Have you ever noticed when you create a new VM, a floppy device is present in the GuestOS regardless if you had actually added one or not? If not, it is pretty simple to demonstrate. Create any Windows VM using a non-vSphere 6.5 release, install the OS and then power it on. You should now see a floppy device (A:) show up under "My Computer" as seen in the screenshot below.

Although this may look like a strange behavior (more on this in a bit), it is completely harmless as there is no real floppy device being presented to the VM. For many customers, this behavior was either unnoticed or it was just ignored as it did not bother them. However, there is a concern for some customers who must prove that the virtual hardware seen from the GuestOS matches the virtual hardware presented to the VM, usually for compliance purposes. To prevent a floppy device from showing up, you can edit the BIOS, but this generally does not scale as it must be done manually (no APIs exists) and even some of the BIOS editing utilities are fairly limited in their capabilities.

So why does this happen and how does vSphere 6.5 help?

In talking to one of our Principal Engineers about this topic, as this question comes up from time to time about disabling floppy devices in the BIOS. I came to learn more about the behavior described above and the nice enhancement that was introduced in vSphere 6.5 for Virtual Hardware Plug-N-Play.

The reason for the current behavior is that physical systems (as well as virtual) used to include a SuperIO chip that had always exposed 1 x floppy controller, 2 x serial ports and 1 x parallel port. This meant that even if a floppy device was not present in the VM, the OS would still see one and would just report back that there was no disk in the drive.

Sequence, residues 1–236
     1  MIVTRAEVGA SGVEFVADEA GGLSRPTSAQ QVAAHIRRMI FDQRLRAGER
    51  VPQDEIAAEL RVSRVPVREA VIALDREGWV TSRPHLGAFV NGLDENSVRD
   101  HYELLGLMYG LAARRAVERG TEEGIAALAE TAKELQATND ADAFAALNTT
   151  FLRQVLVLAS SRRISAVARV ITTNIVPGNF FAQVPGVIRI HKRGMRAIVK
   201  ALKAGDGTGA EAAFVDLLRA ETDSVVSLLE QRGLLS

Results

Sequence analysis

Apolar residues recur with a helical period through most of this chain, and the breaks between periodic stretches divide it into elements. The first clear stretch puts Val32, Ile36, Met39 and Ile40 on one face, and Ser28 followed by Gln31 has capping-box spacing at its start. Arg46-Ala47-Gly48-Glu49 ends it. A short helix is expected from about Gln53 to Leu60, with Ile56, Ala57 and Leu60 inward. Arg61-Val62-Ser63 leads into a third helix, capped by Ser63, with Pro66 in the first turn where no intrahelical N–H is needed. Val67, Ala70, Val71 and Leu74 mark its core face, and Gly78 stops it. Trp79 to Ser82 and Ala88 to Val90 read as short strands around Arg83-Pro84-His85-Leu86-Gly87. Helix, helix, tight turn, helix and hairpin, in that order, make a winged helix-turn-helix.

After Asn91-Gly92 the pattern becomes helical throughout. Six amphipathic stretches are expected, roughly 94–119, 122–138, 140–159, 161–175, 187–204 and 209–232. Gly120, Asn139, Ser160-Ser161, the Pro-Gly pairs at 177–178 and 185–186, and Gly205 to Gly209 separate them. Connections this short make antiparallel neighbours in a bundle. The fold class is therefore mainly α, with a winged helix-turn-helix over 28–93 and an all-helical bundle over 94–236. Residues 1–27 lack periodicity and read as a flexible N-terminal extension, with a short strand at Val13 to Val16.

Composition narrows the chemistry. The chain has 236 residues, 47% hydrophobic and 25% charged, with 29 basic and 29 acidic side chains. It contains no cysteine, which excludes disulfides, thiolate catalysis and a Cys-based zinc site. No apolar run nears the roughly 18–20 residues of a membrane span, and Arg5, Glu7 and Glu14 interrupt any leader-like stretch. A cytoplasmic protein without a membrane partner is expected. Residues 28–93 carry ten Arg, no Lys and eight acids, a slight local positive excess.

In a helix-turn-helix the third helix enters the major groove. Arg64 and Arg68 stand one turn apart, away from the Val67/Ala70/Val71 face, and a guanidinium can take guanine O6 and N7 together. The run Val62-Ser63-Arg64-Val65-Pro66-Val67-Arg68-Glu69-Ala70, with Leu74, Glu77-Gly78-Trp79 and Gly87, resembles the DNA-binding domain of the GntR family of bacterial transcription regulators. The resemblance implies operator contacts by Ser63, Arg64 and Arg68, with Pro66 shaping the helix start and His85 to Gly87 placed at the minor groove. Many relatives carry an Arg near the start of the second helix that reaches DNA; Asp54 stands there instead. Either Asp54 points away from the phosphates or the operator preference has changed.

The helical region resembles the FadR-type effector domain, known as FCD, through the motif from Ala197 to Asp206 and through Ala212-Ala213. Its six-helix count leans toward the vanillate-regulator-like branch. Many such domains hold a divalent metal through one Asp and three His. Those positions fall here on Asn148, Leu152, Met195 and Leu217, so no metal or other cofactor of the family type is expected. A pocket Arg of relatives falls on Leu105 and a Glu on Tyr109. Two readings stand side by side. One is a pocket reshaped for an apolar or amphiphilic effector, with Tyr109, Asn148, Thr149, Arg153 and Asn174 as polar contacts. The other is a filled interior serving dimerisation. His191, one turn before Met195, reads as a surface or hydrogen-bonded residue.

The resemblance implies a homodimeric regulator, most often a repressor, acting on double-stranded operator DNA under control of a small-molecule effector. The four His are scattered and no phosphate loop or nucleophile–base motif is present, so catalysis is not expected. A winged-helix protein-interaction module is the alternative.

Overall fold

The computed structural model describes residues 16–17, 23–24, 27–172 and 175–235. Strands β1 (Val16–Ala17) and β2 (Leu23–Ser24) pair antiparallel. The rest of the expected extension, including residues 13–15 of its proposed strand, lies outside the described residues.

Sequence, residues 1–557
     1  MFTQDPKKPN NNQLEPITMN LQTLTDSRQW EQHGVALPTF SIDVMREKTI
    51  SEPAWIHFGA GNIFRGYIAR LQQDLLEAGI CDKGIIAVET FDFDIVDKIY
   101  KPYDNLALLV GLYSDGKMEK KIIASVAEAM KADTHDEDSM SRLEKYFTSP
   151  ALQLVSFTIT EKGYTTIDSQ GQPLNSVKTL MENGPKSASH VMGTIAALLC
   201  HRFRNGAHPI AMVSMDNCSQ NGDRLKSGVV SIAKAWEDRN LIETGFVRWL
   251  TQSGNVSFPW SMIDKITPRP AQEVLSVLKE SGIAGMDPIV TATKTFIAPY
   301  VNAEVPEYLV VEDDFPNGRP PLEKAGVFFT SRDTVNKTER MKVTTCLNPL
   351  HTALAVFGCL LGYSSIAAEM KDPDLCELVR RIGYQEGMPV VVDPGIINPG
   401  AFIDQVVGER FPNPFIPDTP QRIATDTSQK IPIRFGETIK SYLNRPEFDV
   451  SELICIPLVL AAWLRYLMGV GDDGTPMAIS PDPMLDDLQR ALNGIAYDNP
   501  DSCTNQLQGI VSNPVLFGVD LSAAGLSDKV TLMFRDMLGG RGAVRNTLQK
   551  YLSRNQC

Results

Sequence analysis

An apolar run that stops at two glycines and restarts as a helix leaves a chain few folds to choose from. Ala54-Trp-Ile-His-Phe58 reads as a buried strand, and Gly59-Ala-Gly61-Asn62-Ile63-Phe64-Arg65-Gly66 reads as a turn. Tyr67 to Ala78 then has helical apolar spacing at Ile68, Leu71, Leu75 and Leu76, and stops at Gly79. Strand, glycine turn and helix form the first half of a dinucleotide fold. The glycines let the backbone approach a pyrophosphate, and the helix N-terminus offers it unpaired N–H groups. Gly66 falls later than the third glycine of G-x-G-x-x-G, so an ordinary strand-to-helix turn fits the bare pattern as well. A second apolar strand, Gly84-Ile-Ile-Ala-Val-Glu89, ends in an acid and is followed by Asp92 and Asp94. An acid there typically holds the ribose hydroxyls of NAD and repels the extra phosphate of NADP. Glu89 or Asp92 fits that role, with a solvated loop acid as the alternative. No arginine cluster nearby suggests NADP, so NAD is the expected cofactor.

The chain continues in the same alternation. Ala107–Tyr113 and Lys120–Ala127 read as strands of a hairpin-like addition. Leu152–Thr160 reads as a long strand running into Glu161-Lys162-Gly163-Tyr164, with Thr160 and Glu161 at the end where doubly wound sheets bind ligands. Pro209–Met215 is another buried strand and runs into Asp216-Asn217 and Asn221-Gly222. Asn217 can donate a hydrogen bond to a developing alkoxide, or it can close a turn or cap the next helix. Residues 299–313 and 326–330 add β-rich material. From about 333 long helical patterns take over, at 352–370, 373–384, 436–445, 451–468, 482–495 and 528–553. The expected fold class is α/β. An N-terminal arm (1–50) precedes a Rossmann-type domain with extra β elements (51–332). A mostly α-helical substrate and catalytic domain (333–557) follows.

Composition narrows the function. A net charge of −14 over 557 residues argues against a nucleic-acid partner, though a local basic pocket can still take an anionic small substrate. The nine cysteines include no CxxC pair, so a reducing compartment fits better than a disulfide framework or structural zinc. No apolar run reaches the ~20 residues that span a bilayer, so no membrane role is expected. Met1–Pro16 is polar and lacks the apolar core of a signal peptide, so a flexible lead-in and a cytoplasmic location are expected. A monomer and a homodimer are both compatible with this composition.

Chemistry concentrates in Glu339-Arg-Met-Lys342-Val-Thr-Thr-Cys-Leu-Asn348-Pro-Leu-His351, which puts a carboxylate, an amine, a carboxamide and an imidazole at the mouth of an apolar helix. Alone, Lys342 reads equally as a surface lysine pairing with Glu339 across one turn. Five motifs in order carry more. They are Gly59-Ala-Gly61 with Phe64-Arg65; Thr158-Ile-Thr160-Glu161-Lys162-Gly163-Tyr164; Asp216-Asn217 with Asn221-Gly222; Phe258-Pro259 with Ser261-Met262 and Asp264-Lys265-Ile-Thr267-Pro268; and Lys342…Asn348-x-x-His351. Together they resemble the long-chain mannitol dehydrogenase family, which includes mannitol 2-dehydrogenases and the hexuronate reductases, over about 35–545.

Due to the various behaviors of different GuestOS types as well as the firmware types (BIOS or EFI), this problem was solved across a couple of Virtual Hardware releases:

  • In vHW8 - ACPI was introduced and would only report a floppy device if one was actually present. For GuestOSes that uses EFI firmware, this worked perfectly. However, for GuestOSes that uses the BIOS firmware, it would still fall back to reading the CMOS and would still report a floppy device even though one was not present.
  • In vHW11 - The SuperIO chip was modified to not include these default devices, but this only worked for some GuestOSes. For other GuestOSes, it would still fall back to reading the CMOS data rather than the BIOS data.

The change that was introduced in vSphere 6.5 which does NOT require a Virtual Hardware update was that the Virtual BIOS itself was modified such that it would compute the CMOS state based on the actual state of the floppy device. For customers, this means that as long as you have a vHW8 VM that is powered on from a powered off state (not resumed or vMotion) running on vSphere 6.5, the fixed BIOS will automatically be loaded and the GuestOS will now reflect the actual configured Virtual Hardware of the VM. If you decide to later on add a floppy device, the GuestOS will correctly report it and the same will be true if you remove it. Simply upgrading to vSphere 6.5 and ensuring that you perform a complete power cycle of your VM will give you full plug-n-play support for these devices across all GuestOSes. Just another reason to consider vSphere 6.5 🙂

Below is a screenshot of taking the exact same VM (created in ESXi 6.0), moving the VM to an ESXi 6.5 host and then powering it on. As you can see, the floppy device is no longer showing up.

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